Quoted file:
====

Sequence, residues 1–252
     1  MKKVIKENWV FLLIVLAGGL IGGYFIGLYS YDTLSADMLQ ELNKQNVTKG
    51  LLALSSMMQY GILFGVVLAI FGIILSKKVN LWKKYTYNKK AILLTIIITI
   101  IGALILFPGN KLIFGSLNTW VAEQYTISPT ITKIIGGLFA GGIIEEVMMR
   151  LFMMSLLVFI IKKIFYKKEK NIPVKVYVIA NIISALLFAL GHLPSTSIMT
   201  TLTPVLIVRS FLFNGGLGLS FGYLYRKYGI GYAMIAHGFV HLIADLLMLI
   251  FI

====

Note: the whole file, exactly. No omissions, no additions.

Sequence, residues 1–252
     1  MKKVIKENWV FLLIVLAGGL IGGYFIGLYS YDTLSADMLQ ELNKQNVTKG
    51  LLALSSMMQY GILFGVVLAI FGIILSKKVN LWKKYTYNKK AILLTIIITI
   101  IGALILFPGN KLIFGSLNTW VAEQYTISPT ITKIIGGLFA GGIIEEVMMR
   151  LFMMSLLVFI IKKIFYKKEK NIPVKVYVIA NIISALLFAL GHLPSTSIMT
   201  TLTPVLIVRS FLFNGGLGLS FGYLYRKYGI GYAMIAHGFV HLIADLLMLI
   251  FI